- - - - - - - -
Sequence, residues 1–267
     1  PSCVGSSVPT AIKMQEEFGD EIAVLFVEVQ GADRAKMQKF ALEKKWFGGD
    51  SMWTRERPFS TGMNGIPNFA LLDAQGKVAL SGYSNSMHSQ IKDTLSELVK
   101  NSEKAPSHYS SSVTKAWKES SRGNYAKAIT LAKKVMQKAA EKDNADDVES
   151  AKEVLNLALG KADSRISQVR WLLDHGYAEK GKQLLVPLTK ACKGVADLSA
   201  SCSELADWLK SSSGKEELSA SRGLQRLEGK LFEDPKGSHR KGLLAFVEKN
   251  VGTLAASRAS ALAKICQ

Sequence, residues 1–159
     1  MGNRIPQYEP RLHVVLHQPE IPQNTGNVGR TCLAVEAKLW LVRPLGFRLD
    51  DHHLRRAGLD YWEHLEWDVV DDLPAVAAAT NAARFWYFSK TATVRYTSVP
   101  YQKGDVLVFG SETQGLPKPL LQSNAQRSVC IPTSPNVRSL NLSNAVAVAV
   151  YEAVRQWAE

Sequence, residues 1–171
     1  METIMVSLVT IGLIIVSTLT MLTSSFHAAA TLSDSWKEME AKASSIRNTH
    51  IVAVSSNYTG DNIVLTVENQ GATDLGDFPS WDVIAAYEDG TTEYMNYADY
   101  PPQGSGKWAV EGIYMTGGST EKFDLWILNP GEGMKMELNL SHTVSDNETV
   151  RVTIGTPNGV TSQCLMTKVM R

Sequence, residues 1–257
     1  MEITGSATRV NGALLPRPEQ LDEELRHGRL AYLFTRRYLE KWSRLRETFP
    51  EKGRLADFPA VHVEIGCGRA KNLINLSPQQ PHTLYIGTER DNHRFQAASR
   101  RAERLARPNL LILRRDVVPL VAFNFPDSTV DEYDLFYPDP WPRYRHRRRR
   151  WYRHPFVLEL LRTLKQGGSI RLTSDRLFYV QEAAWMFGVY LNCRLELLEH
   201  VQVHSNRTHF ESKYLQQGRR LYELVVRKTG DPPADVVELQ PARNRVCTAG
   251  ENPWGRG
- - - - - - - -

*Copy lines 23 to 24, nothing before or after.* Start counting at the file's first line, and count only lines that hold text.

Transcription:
   201  VQVHSNRTHF ESKYLQQGRR LYELVVRKTG DPPADVVELQ PARNRVCTAG
   251  ENPWGRG